ADAPTABILITY TO CONSTRUCTION IN LARGE UNITS: In all the present machines there is a distinct emit to capacity, or a though large units can be manufactured, they are very costly and difficult to manage. The new turbine is so simple and the output so large that the limits in this direction can be greatly extended.

RESISTANCE TO DETERIORATION BY HEAT AND OTHER AGENTS: In this feature it has an overwhelming advantage over the o type in which the maintenance of smooth surfaces and sharp edges is indispensable to efficient working. In the Tesla turbine, for the reasons already stated, the destructive actions of heat and corrosive agents are much less pronounced and of relatively negligible effect. This fact has a most important bearing on the saving of fuel.

CAPABILITY OF RUNNING AT HIGH PERIPHERAL SPEED: In this respect also it is superior to others. The rotating structure carries no load and is excellently adapted to withstand tensile stresses. Judging from the most recent turbine practice this quality should be of special value.

REVERSIBILITY: The present turbines are greatly handicapped by their incapability of reversal which is a very serious defect in certain applications, as the propulsion of vessels, necessitating the employment of auxiliary turbines which detracts from the propulsive power and adds materially to the cost of production and maintenance of the equipment. The Tesla turbine has the unique property of being reversible; not only this but it operates with the same efficiency in either direction. For marine purposes it therefore constitutes an ideal motor whether used alone or in conjunction with older types.

Besides the above it possesses other desirable features, constructive and operative, which will add to its value and adaptability to many industrial and commercial uses as, railroading, marine navigation, aerial propulsion, generation of electricity, refrigeration, operation of trucks and automobiles, hydraulic gearing, agriculture, irrigation, mining and similar purposes.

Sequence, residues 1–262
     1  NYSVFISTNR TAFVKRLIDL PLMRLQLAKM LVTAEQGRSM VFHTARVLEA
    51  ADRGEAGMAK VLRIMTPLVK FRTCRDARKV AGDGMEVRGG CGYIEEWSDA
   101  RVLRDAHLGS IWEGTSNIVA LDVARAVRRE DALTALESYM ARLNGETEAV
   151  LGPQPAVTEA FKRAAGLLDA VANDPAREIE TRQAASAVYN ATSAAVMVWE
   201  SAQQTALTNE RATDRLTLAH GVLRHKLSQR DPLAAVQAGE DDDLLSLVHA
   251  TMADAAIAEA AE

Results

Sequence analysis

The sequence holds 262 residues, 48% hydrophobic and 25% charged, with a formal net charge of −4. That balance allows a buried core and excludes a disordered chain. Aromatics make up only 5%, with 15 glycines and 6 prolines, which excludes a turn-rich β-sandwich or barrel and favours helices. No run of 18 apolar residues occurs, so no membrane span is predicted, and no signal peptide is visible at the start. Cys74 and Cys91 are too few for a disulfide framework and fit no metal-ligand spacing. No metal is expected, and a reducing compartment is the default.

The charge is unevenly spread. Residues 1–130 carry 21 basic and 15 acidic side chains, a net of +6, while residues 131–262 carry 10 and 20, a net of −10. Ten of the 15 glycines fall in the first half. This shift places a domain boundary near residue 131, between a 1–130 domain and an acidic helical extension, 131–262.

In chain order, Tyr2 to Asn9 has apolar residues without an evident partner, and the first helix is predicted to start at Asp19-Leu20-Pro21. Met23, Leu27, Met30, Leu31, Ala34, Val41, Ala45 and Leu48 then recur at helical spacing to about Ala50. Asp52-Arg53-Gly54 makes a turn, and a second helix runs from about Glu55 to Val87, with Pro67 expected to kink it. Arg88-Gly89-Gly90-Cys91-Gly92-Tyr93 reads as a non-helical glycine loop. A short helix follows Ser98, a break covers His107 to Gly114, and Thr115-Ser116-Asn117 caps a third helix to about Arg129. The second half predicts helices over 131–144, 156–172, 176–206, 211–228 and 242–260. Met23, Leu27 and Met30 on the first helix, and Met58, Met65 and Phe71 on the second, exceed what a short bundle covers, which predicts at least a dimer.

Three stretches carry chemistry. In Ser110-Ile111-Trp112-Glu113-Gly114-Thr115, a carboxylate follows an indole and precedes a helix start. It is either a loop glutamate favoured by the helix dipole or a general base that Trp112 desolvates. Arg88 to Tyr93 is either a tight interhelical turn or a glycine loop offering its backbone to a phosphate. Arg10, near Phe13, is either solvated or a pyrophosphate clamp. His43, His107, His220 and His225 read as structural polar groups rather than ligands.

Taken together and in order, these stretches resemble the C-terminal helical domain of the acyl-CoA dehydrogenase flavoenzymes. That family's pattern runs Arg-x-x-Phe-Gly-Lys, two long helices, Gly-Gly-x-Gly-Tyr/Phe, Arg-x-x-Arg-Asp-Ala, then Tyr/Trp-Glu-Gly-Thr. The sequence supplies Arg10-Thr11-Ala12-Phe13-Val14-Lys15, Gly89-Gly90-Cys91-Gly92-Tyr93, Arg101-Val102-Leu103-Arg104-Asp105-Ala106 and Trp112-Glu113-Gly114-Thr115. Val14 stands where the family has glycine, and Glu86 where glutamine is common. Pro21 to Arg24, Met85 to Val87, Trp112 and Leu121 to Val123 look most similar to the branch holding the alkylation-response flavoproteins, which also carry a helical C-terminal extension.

1. B. Richards, Professor Emeritus of Mechanics, Yale University:
    "I am amazed at the development of power given by the turbine and stunned by the exhibit."
  2. Sargent, Chief Engineer and Turbine Expert:
    "I am impressed with the newness and novelty of the underlying principle of this invention. It is such as will claim the attention and admiration of anyone of a scientific turn of mind in a mechanical direction."

Reynold Janney, Chief Engineer, Universal Transmission Co.:
"It is a great invention."

Brigadier Allen of the War Department:
"Something new in the world. Officers are greatly impressed with it."

Miller Reese Hutchinson, Chief Engineer:
"It is the greatest invention of the age."

Arnold Trinyi, Chief Engineer, Oelfeurungs-Gesellschaft, Germany:
"The ideal of the turbine engine."

  1. R. T. Colline (Power Plant Economist):
    "It is a wonderful turbine."

The Motor World:
"The new principle unquestionably is a great contribution to science and engineering, great in its simplicity and breadth of application."

Scientific American:
"Considered from the mechanical standpoint, the turbine is astonishingly simple and economical in construction, should prove to possess such a durability and freedom from wear and breakdown as to place it, in these respects, far in advance of any type of steam or gas motor of the present day."

Engineering Magazine:
"An entirely new form of prime mover with interesting possibilities."

Technical World Magazine:
"The Tesla Turbine is the apotheosis of simplicity. It is so violently opposed to all precedent that it seems unbelievable."

From Numerous Articles and Comments:
"The turbine is different in principle to any heretofore in use and one which will take less room and less coal that the best engine now running" … "Turbine of revolutionary design" … "Improvement in dynamics which promises revolutionary results" … "Results seem revolutionary to the point of staggering the imagination" … "This motor will revolutionize the turbine industry" … "Wonderful motor. Extraordinary mechanical principle" … etc., etc.